Between a sluggish painting speed and the occasional hiatus I’ve occasionally found myself at a loss when trying to remember how I painted older models. I can usually remember the technique I used but don’t always recall specifics like paint mixing ratios. Late last year I finally decided it might be a good time to start keeping a basic painting journal. There’s a number of electronic options out there, from Google Docs to a wiki (either personal hosted wiki or on a stick). At some point I’ll probably transfer most of my notes over to some sort of taggable or sortable format but for now I’ve found it most convenient to keep a small notebook and pen next to my painting area so I can jot down notes or paint recipes as needed.
Recently I’ve been experimenting with a few of the techniques that the Privateer Press painting staff talk about in their recent books. It’s taken a while to adapt to a new way of doing things but after getting used to it I’ve been able to increase the speed I can paint a figure pretty significantly. … Read more
In a previous post I mentioned that I use concrete patch as a basing material. It’s an alternative to sand that’s a rock solid way to model dirt to-scale on a base. It requires a bit more effort than the traditional glue and sand but I think the end result is worth the extra work. The most … Read more
I had a request as a comment on a previous article to talk about some basic brush care tips. I’m no expert on the topic but I’ve ruined more than enough brushes to know there are a few traps to avoid in order to keep your brushes in working condition as long as you can. … Read more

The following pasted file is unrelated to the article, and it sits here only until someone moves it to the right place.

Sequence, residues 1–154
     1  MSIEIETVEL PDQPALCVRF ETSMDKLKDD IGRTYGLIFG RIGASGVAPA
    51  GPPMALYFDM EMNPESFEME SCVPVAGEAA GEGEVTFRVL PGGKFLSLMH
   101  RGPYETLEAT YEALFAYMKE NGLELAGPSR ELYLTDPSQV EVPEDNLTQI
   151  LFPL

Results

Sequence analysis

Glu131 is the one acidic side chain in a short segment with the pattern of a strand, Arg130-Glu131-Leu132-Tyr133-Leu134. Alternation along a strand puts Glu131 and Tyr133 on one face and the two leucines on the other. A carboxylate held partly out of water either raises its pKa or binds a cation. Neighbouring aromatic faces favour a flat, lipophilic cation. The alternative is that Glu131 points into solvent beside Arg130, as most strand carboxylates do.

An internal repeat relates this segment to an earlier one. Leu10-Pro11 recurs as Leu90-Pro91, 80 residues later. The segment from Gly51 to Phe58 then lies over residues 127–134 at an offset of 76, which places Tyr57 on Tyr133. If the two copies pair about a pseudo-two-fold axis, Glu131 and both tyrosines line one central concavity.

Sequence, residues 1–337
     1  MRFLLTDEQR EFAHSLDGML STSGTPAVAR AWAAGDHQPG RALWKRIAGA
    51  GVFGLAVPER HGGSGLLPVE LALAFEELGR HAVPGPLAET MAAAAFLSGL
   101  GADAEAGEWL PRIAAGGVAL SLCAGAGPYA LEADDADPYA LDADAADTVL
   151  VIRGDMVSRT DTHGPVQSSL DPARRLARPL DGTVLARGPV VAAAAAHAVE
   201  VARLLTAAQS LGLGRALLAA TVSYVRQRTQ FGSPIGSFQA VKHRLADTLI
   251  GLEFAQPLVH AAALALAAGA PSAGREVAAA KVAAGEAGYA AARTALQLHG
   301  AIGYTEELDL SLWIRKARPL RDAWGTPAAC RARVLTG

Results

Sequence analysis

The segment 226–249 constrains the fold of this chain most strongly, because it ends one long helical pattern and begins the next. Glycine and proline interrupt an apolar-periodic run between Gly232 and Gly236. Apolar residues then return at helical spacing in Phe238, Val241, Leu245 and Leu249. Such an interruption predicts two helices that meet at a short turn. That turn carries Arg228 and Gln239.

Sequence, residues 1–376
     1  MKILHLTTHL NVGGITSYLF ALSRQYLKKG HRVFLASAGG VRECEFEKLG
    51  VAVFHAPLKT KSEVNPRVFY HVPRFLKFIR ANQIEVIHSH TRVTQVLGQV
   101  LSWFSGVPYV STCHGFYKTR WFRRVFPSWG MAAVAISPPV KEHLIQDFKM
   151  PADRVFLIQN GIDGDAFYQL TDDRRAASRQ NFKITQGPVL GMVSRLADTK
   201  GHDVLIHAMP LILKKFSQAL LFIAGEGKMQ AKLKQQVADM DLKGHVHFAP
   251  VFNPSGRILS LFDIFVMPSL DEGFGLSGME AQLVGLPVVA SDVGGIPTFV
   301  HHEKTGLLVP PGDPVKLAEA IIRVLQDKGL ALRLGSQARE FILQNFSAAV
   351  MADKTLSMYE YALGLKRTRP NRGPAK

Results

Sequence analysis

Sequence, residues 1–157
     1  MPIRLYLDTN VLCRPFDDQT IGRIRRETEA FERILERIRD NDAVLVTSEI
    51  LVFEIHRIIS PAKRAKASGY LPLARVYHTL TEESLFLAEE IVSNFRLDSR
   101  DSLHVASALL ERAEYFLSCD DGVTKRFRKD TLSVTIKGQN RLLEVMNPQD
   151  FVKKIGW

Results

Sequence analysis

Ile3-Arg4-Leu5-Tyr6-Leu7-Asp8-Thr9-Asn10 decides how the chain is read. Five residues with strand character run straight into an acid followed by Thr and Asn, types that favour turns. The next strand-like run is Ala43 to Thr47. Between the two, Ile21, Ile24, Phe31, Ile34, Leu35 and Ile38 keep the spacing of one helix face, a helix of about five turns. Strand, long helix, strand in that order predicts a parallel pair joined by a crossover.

When I upgraded my brushes to Winsor & Newton Series 7‘s a few years ago, I started paying more attention to brush care. With the brushes’ higher cost, I wanted to get as much life out of them as possible. For me that meant keeping an older brush around to do my painting dirty work. Before … Read more
Once a miniature hits the table, it’s inevitably going to be subjected to the rigors of gaming. Even the most careful of gamers will have accidents. It’s painful to see hours of hard work spent painting a figure vanish in one quick tabletop accident, but that’s why most gamers seal their miniatures after painting them.
So how do you want it?
Sealants come in a variety of finishes, but for the most part they can be grouped as gloss, satin, and matte. Most people prefer a matte finish on their gaming miniatures but this brings with it a problem. Unfortunately the strength of a sealant is usually proportional with how glossy the finish is, meaning matte sealants tend to offer the least amount of protection to miniatures. This isn’t as much of an issue with a display pieces but with a model that will face the rigors of the game table it means being more susceptible to damage.
When I first started painting miniatures one of the things that was suggested was to not hold a miniature by a freshly painted area so as to not accidentally rub paint off of the model. It’s still a practice that I follow when I can, and part of that has been coming up with a … Read more